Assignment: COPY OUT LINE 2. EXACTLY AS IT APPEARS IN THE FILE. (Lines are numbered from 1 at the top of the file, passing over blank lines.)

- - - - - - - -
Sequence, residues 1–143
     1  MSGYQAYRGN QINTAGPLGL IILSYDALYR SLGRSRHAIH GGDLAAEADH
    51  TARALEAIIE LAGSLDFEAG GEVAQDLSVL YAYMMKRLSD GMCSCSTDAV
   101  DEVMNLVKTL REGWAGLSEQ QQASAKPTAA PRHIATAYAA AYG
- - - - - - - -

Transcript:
     1  MSGYQAYRGN QINTAGPLGL IILSYDALYR SLGRSRHAIH GGDLAAEADH